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Plan for self-sufficiency in old age, MLA Larson advises Rotary Club members at Osoyoos lunch
People approaching senior years should start planning now to look after themselves in old age and not count on the government, says MLA Linda Larson.
The Boundary-Similkameen Liberal provincial member was guest speaker at the weekly lunch meeting of the Rotary Club of Osoyoos Thursday, where she also spoke about her experiences as a new MLA.
“Within the next 10 years there will be a major crisis … we couldn’t possibly build enough beds to house everybody in a facility,” said Larson, pointing to the number of baby boomers reaching their senior years.
Larson also said average life expectancies are about 15 years longer than when medical and pension programs were set up following the Second World War to look after returning veterans.
“We haven’t put enough money into the system across the country to support ourselves,” she said. The system doesn’t have the money to cope with people living longer, she added.
“It’s too much of a strain,” Larson said. “We couldn’t possibly financially maintain it.”
Instead she advises people to plan now, while they’re 55, 60 or 65 how they will take care of themselves in their own homes and what they will do when they can’t drive anymore.
Larson acknowledges there is a shortage of people to care for the elderly in their own homes, but she says more caregivers will gradually be trained.
The Better at Home program, which assists seniors wanting to remain in their own homes, is being expanded to 68 communities across the province because it was so successful, Larson said.
Larson also advises people to state their wishes for end-of-life care in a legally-binding document.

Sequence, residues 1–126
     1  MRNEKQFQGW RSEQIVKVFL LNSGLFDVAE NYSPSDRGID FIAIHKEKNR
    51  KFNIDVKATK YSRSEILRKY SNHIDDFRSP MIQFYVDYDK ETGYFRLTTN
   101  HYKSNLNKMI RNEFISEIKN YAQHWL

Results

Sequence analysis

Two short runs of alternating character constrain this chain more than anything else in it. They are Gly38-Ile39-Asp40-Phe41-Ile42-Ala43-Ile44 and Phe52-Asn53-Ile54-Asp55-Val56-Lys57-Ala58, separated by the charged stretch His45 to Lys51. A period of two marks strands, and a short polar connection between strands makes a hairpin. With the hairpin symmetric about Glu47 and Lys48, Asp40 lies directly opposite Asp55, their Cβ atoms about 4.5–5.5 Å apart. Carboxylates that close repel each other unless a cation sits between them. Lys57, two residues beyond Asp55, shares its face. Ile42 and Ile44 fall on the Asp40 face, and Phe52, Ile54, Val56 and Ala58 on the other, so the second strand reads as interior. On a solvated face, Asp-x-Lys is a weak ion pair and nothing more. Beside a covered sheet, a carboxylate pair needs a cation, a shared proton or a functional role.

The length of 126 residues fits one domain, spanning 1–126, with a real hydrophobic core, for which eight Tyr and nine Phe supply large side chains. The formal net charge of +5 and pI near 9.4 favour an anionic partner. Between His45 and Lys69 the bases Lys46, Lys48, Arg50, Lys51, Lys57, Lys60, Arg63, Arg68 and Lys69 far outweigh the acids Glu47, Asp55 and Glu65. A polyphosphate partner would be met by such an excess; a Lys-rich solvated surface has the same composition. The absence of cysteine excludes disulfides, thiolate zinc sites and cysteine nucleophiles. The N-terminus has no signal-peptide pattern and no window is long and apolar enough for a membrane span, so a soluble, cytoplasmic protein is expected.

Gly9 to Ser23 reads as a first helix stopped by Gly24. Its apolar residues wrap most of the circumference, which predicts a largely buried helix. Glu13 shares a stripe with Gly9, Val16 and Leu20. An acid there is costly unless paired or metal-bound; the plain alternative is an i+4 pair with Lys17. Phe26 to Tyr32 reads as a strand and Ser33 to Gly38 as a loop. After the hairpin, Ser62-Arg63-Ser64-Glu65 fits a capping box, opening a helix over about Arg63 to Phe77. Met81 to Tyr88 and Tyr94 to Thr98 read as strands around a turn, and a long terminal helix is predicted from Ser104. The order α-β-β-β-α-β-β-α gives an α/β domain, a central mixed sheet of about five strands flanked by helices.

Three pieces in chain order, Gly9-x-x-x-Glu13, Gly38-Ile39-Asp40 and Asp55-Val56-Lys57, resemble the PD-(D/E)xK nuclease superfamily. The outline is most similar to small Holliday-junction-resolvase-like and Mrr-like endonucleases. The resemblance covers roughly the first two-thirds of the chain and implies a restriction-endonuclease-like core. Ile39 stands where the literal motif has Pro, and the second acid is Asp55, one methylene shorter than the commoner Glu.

“Don’t leave it up to a relative who is emotionally upset,” she said. “Do it now. Most people tend not to even think about that until they’re 85. That’s too late.”
Larson also spoke of her experiences at the B.C. Legislature.
As deputy whip, she said, her job is like “herding cats,” but it has taught her quickly how the government system works.
She’s not impressed by how complicated provincial government is compared to municipal government.
“Municipal government is simple and straightforward,” she said. “With provincial government it takes so damn long because the process has 20 steps instead of two … You have to go through this whole process and it’s painful. It’s incredibly painful.”
The MLA has high praise for staff at the legislature, both those working for the Liberal caucus and non-partisan employees of the legislature.
“What an amazing group of people that work in that building,” Larson said. “Friendly, supportive and helpful.”
The media at the Legislature have made fun of new MLAs getting lost, she said, but staff have been extremely helpful to lost MLAs.
“I’ve been lost in the building twice,” said Larson. “Once I had to have an NDP fellow show me the way out.”